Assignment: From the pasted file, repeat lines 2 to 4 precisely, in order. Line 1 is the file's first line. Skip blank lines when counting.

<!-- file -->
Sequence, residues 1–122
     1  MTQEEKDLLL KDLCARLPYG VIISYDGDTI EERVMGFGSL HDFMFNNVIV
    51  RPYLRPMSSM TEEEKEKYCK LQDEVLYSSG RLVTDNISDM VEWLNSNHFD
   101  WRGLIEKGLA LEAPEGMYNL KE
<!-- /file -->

     1  MTQEEKDLLL KDLCARLPYG VIISYDGDTI EERVMGFGSL HDFMFNNVIV
    51  RPYLRPMSSM TEEEKEKYCK LQDEVLYSSG RLVTDNISDM VEWLNSNHFD
   101  WRGLIEKGLA LEAPEGMYNL KE